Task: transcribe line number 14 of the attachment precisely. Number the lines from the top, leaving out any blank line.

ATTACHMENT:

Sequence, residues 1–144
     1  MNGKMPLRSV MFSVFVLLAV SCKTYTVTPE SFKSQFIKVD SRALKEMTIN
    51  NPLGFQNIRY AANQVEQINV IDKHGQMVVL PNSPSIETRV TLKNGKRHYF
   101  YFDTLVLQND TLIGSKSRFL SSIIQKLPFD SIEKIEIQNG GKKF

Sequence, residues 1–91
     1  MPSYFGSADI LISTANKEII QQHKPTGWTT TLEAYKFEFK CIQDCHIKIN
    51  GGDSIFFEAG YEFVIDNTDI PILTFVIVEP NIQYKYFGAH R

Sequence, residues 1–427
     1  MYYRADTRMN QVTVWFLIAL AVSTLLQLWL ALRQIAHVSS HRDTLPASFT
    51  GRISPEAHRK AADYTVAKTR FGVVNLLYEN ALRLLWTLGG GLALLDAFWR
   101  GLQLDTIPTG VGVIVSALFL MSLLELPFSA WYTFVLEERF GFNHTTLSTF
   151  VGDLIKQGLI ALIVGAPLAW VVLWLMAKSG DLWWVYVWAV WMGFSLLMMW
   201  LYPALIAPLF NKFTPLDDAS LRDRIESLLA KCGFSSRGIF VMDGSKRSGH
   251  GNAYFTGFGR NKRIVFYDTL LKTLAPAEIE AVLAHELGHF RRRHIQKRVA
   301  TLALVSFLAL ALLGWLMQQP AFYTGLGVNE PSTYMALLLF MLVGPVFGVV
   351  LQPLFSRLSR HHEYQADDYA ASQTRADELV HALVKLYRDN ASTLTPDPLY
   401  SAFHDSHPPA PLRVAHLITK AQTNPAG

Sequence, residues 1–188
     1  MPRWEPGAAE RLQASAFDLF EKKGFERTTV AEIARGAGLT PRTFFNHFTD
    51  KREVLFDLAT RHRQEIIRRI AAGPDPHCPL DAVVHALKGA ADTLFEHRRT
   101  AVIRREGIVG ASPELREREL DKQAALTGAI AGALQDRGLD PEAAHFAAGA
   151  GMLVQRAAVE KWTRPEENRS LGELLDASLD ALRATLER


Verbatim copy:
   251  GNAYFTGFGR NKRIVFYDTL LKTLAPAEIE AVLAHELGHF RRRHIQKRVA